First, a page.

Tolerance message at 7/7 service

London, England - Religious leaders have called for peace, tolerance and unity between different faiths, at a special service, the first multi-faith service at Westminster Abbey, ahead of the anniversary of the July 7 terror bombings.

Speakers from nine major religions stressed the importance of respect between different faith communities and condemned the "evil-minded" few who had terrorised London last year.

Guests including Metropolitan Police Commissioner Sir Ian Blair and former prime minister of Pakistan Benazir Bhutto attended the multi-faith service at a church next to Westminster Abbey.

The event was the brainchild of the new High Sheriff of Greater London, Dr Khalid Hameed, whose appointment was also marked by the ceremony.

Dr Hameed, the first Muslim to take up the role, said before the event he wanted it to send out a message in London and beyond that "We will not be intimidated by terrorists".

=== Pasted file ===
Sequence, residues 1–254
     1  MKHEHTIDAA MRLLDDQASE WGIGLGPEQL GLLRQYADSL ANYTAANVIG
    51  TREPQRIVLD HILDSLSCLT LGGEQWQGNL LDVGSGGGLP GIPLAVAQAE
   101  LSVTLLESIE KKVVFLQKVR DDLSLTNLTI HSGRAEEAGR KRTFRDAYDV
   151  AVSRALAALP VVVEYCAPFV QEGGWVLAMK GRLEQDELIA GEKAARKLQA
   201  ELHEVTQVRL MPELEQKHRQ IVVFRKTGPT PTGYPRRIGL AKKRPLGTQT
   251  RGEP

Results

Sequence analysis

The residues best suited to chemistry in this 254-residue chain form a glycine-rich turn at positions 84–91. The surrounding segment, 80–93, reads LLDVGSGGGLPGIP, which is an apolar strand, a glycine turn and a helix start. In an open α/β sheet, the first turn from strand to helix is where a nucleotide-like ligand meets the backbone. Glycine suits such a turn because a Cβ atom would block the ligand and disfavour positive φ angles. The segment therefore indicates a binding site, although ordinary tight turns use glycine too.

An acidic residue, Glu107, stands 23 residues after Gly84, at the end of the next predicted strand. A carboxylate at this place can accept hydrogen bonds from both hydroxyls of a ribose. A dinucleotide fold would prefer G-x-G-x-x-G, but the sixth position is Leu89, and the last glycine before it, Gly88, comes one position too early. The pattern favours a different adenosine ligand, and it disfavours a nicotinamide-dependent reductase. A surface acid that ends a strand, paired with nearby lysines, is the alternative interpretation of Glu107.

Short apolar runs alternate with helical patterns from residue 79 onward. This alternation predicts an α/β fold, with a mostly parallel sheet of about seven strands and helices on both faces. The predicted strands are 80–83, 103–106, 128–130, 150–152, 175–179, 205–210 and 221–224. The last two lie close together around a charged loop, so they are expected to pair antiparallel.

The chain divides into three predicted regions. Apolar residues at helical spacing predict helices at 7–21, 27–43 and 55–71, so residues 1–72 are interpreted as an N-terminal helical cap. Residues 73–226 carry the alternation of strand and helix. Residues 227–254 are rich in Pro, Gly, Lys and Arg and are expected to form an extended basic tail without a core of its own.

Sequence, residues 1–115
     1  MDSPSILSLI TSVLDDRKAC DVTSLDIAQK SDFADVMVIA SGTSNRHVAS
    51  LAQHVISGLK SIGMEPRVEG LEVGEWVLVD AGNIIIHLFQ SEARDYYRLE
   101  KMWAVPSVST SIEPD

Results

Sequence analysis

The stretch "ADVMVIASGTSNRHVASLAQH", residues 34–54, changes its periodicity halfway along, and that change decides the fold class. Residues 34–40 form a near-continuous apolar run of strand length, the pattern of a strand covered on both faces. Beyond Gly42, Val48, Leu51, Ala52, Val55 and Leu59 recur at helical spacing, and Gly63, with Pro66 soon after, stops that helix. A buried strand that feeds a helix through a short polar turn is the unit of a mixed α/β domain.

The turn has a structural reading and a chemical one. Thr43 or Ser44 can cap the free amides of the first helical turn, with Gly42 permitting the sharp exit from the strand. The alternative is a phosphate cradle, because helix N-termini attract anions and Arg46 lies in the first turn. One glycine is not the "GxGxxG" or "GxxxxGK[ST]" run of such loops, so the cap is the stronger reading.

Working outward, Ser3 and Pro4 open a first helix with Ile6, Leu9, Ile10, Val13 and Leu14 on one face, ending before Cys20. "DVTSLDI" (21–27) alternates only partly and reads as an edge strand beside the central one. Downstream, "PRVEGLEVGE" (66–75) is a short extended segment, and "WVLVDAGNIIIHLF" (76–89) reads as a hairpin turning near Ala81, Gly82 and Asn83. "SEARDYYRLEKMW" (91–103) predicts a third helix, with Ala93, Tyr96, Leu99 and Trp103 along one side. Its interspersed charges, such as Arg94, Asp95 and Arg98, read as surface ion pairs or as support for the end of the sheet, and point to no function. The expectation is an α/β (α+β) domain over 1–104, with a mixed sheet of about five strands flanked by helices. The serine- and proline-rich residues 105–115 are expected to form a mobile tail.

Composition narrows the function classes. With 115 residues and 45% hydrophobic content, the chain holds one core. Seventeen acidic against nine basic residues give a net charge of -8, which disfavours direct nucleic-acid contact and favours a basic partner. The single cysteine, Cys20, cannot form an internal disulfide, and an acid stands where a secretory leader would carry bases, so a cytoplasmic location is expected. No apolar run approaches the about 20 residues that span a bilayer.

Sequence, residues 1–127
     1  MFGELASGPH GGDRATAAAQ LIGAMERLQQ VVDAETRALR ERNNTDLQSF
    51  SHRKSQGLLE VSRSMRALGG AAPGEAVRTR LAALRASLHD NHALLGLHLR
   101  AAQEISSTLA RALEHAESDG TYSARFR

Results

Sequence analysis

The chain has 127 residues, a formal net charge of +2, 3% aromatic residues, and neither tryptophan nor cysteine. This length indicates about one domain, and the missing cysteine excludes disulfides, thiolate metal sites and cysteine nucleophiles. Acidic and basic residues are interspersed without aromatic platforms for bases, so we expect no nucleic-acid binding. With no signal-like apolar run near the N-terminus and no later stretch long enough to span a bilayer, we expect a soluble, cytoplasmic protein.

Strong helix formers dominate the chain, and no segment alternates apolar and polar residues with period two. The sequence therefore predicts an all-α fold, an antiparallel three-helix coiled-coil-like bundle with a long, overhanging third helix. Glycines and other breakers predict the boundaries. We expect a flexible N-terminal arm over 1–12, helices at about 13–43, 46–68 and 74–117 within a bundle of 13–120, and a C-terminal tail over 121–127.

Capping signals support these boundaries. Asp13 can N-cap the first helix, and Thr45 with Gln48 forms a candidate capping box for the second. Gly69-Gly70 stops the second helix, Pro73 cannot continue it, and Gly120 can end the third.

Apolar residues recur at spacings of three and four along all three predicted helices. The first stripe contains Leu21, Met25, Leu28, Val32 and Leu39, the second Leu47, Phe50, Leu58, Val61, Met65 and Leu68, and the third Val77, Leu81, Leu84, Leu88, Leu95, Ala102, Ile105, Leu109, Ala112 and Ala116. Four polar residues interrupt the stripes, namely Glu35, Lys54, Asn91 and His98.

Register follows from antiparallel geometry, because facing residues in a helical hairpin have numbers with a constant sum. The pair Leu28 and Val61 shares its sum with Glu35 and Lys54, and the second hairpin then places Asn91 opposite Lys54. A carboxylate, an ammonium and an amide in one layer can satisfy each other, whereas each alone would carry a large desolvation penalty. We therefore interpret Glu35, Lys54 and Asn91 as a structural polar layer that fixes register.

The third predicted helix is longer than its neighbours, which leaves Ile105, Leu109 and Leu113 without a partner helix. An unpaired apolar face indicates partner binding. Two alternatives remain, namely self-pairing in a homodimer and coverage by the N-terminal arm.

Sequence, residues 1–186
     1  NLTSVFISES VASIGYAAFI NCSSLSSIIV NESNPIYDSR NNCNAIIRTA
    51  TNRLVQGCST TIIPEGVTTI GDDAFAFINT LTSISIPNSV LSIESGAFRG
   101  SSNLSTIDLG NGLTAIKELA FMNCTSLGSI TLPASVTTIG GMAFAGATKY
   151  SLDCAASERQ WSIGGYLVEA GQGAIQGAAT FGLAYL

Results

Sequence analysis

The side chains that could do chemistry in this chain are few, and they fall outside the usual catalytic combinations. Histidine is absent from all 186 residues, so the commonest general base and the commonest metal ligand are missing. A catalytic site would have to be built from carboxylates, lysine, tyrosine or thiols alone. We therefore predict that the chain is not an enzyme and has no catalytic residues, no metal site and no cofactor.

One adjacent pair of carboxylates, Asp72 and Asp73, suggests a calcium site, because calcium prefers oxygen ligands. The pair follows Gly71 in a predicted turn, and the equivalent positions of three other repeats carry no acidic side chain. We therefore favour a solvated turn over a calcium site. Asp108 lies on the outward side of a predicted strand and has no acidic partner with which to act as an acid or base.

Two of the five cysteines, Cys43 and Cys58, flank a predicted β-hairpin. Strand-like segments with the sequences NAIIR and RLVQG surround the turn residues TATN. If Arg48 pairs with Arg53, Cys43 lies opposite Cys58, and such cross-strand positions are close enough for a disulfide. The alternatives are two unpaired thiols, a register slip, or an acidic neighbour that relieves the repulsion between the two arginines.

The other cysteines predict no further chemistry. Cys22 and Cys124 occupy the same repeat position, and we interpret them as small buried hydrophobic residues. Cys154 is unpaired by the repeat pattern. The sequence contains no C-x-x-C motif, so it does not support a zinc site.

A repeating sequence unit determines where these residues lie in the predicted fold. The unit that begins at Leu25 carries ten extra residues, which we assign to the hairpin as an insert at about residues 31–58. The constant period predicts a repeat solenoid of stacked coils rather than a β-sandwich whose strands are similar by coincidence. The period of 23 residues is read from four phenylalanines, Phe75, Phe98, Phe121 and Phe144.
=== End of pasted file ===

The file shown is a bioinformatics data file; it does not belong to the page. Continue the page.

The service featured speeches by representatives of faiths including Sikhism, Hinduism, Islam, Judaism and Christianity.

One by one, leaders from each faith referred to examples from their religion that showed how people from different communities should treat each other with tolerance.

Lord Nazir Ahmed, speaking on behalf of the Islamic faith, said: "Islam is a religion of peace, compassion and generosity.

"Unfortunately, due to the actions of a few, this religion of peace has been demonised in recent times."

Prayers were led by the Reverend Graeme Napier, Minor Canon and Succentor of Westminster, and Imam Dr Abduljalil Sajid, chairman of the Muslim Council for Religious and Racial Harmony.